College Career Life Planning

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Challenge to Motivate

Despite the importance of the "career decision", many people invest more time planning a vacation.  For many young people, the "career decision" is made with little or no investigation or planning.  Why? It is the easiest decision to procrastinate.... not required to graduate from high school..... not required to graduate from college.... not even required to get your first job.

      "My parents fell into their careers by accident. Something will pop up."

      "I don't have time.  I just want to have fun! I'll worry about it later!"

      "Don't rush kids to grow up.  They'll figure it out someday on their own."

      Many students/parents don't know where to begin.

      Thinking about “being on your own” and “the rest of your life” is scary.

Frequently, parents are “clueless” about how to help their students explore and evaluate the hundreds of career possibilities available.  Many parents unknowingly assume that the schools will take care of career planning.  Unfortunately, according to the U.S. Department of Education NCES Report, the ratio of guidance counselors to students in public high schools is 1 to 284 in the U.S. 

Another NCES Report indicated that career planning is the high school guidance counselors’ fourth priority behind 1) helping students schedule classes, 2) college preparation and standardized test (SAT, ACT) and 3) dealing with student behavior issues and personal development.  Finally, students are usually not required to utilize most guidance counselor services (including career planning); so many do not invest time in this area.   Some states, like Florida, recognize this fact and are beginning to require student participation in career exploration by incorporating it into the curriculum.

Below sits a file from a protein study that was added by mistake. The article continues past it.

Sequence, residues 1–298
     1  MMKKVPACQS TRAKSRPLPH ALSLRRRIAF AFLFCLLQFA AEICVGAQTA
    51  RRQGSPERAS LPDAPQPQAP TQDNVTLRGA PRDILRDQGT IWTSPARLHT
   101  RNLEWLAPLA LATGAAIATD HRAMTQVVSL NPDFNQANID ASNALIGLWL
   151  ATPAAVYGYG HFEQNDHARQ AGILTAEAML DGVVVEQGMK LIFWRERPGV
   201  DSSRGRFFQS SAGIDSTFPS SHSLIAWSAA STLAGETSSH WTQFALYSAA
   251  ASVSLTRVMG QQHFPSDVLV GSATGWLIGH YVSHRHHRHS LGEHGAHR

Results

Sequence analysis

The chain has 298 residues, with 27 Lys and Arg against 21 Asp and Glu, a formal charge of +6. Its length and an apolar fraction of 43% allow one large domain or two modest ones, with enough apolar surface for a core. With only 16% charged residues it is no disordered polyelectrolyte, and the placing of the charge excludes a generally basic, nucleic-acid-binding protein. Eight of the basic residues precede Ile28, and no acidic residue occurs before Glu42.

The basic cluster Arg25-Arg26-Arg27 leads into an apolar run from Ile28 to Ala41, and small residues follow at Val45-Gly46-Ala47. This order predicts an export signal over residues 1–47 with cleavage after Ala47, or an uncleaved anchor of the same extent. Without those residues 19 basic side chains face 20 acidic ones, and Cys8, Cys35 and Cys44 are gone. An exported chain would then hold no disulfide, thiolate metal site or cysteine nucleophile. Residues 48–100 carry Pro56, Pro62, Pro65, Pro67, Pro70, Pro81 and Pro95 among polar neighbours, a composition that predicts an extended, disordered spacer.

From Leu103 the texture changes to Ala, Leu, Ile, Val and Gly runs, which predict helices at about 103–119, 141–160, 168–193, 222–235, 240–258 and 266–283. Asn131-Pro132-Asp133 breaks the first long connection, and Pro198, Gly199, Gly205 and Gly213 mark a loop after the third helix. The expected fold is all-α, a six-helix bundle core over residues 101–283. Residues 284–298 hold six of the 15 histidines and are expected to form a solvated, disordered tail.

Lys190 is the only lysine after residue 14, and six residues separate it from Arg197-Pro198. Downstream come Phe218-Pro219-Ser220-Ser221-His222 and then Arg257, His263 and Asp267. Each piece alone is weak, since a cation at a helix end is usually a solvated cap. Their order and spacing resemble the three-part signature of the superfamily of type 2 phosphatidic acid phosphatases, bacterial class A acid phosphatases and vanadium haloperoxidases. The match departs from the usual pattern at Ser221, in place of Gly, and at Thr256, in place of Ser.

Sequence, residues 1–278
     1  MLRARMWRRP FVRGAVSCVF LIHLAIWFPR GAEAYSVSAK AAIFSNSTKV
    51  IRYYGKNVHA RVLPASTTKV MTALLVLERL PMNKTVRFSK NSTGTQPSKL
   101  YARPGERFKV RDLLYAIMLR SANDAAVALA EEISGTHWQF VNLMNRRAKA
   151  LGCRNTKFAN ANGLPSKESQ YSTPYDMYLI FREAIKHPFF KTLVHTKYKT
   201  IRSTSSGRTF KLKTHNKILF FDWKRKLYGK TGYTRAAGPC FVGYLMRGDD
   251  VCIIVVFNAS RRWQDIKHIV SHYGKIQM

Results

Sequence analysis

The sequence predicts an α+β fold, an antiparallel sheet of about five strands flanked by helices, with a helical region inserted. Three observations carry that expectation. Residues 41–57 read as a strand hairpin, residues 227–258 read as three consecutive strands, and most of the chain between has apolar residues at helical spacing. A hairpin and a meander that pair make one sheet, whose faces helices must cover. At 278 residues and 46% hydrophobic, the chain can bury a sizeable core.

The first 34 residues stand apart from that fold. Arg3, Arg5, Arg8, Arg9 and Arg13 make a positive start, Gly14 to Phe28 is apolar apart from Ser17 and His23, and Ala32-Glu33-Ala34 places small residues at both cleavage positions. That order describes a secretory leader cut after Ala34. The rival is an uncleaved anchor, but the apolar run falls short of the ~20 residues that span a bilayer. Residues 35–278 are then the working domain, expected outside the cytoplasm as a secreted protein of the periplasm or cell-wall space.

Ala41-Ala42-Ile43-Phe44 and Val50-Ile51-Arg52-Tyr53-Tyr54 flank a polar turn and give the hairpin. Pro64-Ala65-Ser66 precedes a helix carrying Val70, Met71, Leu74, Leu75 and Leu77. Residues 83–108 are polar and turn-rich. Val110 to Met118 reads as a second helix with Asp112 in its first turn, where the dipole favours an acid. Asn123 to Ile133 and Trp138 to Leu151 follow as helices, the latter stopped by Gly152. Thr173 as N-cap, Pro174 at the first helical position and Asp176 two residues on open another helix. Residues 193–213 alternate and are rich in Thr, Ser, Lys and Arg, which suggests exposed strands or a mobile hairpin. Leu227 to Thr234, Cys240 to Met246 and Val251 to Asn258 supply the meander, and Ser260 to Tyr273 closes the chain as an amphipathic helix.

Without parent involvement some students will postpone career exploration indefinitely.  Many students will enter college without direction, declare a major (if required) and simply go through the motions.  Significant time and financial resources will be wasted.  Parents will become frustrated.  Students will feel increased anxiety as the need to find a job approaches.  Some students will drop out, many will switch majors several times in frustration and others will graduate with degrees that are not marketable. 

According to the U.S. Census Bureau, 57% of the 18-24 yr. olds in the U.S. live at home with their parents.  This waste of human talent and resources is avoidable.  Growing competition in the workplace makes pro-active career planning even more critical.  Parent involvement is critical.

This web site is designed 1) to motivate parent involvement by highlighting changes in the global workplace that have significantly raised the stakes for our youth and 2) to empower parents with the tools to motivate and support their children in the career exploration/planning process.

Let's help our young people succeed in this New World!


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